Researchers find that chimps, like humans, have microbial “ecosystems” in their guts.
You may like to think of yourself as just one person, but most of the cells in your body don't belong to you. “Bacteria cells outnumber human cells by about 10 to 1 in our bodies, and those bacteria play significant roles in digestion, health and disease,” says Michael Wilson, an assistant professor of anthropology with a joint appointment in ecology, evolution and behavior.
It's more accurate to think of yourself as your own personal tropical rainforest. The hundreds of species of microbes that live in your gut form an ecosystem where they are in balance with each other. Since 2011, scientists have known that in human beings, these ecosystems fall into three distinct types, or enterotypes. Each enterotype is dominated by a particular species of microbe, so you might have enterotype Bacteroides, or Ruminococcus or Prevotella. So far, nobody knows why.
“Some have tried to associate them with dietary or with geographic factors, but for various reasons, these assignments do not hold up across populations, so their origins and functions are still not known,” says Howard Ochman, a professor of ecology and evolutionary biology at Yale University.
One of the many things we don't know about enterotypes is how long they have been around. Are enterotypes ancient or are they the result of our recent shift to a diet of processed food? To answer this question, Wilson, Ochman and several other researchers collaborated on a study to see if they could find enterotypes in our nearest living relative, the chimpanzee.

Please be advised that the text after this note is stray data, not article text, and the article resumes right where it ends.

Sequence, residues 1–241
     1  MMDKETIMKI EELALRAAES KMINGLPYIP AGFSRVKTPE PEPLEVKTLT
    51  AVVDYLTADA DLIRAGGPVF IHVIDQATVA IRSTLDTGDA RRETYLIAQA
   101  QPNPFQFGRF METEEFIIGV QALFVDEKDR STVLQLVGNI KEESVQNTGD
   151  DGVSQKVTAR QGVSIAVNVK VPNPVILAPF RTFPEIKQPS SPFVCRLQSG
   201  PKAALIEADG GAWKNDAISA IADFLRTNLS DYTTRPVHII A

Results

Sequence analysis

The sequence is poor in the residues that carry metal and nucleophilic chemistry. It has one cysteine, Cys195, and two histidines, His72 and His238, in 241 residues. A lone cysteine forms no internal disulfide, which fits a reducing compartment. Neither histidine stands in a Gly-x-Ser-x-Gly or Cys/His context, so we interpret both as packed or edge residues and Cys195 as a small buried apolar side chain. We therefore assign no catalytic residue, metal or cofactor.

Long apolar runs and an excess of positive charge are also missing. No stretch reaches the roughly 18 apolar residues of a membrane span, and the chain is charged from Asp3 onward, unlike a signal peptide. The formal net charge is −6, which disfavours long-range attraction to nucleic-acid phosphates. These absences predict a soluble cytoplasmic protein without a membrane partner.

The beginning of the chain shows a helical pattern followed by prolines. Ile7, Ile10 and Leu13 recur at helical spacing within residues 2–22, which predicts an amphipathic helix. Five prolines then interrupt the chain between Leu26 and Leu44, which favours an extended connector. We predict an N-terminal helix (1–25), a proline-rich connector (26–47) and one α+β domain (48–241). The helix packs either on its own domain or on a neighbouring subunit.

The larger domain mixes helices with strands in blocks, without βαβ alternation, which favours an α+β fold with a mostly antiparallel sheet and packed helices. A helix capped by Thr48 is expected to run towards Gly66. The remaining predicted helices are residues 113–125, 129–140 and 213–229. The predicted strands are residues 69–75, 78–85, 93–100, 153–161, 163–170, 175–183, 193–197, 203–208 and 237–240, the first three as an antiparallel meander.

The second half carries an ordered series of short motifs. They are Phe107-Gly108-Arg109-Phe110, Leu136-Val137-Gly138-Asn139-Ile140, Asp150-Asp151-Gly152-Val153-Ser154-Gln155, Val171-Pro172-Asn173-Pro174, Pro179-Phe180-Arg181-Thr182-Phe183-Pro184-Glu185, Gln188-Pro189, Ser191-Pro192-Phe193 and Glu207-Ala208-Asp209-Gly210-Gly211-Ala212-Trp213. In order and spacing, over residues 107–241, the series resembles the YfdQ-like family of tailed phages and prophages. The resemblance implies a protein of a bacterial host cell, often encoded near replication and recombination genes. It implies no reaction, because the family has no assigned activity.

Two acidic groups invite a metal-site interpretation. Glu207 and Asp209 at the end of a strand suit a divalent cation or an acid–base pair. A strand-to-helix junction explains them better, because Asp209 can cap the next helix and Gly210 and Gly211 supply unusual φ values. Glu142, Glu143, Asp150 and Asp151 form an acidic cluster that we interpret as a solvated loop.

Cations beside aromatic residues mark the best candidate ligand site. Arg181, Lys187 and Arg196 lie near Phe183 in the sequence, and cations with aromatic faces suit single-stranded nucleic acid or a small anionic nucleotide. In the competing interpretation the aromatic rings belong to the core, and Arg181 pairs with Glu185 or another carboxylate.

They decided to study a population of chimpanzees living in Tanzania. To learn about what kinds of bacteria live in chimpanzee intestines, the first thing the researchers needed to do was collect chimpanzee feces. “All you have to do is follow a chimpanzee around until it poops, and then wait for the chimp to leave so you can move in and scoop up a bit, using a flat stick, like a popsicle stick, to put the sample into a tube,” says Wilson. Later they'd take the tubes back to camp and freeze them, then ship them back to the United States for analysis.
The results in a nutshell: chimpanzees do have enterotypes. The researchers found three distinct enterotypes in the chimpanzees' guts, like in humans, though the types are dominated by different kinds of bacteria. The fact that both chimpanzees and humans have enterotypes suggests that enterotypes existed back in the days when these species shared a common ancestor. Why we have them, though, is still a mystery
– Margaret Taylor
Field assistant Selemani Yahaya with a sample collection tube.
A baboon engaged in its own investigation of chimpanzee fecal samples